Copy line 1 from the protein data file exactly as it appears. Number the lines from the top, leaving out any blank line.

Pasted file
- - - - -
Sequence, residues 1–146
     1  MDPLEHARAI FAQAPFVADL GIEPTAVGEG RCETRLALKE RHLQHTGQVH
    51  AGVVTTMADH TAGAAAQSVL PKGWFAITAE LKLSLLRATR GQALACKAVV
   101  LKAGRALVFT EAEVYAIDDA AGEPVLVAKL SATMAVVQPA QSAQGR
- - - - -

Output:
Sequence, residues 1–146